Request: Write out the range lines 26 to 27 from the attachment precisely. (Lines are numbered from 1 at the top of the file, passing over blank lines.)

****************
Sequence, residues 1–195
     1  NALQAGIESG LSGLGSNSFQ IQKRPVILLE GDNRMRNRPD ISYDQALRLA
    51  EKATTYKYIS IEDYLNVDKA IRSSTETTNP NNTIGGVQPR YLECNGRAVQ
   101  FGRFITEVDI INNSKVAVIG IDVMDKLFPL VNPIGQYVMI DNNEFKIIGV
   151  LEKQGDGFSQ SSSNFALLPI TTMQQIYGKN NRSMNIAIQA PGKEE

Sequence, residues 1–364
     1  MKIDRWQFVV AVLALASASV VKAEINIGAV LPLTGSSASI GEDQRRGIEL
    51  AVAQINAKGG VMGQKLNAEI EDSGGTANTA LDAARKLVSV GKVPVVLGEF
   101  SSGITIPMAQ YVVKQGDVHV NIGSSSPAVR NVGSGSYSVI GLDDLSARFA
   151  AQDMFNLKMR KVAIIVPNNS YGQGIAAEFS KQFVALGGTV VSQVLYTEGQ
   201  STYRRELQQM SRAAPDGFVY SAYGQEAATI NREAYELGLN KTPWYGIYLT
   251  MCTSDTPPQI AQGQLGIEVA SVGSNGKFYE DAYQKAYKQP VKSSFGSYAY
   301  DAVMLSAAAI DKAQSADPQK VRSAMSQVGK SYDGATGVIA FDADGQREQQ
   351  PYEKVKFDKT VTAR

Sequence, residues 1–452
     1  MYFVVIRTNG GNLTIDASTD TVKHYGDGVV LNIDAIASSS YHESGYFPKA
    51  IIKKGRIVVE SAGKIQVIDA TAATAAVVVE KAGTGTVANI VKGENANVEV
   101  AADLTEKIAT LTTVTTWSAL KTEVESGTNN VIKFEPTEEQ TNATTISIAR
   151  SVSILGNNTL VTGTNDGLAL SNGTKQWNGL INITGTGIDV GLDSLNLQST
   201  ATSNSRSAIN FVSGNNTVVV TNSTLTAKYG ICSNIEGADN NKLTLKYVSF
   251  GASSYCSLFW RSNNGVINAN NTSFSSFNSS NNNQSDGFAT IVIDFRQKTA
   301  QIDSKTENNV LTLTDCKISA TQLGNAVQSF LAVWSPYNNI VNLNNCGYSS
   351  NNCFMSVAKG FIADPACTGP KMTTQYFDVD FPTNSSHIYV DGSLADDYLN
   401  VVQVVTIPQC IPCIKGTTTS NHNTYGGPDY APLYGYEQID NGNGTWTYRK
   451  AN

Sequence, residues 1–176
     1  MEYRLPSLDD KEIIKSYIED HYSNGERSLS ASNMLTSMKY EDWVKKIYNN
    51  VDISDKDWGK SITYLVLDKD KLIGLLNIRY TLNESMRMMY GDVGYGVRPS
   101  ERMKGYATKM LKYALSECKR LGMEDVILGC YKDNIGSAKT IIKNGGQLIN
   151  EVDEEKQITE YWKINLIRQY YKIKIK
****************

Sequence, residues 1–176
     1  MEYRLPSLDD KEIIKSYIED HYSNGERSLS ASNMLTSMKY EDWVKKIYNN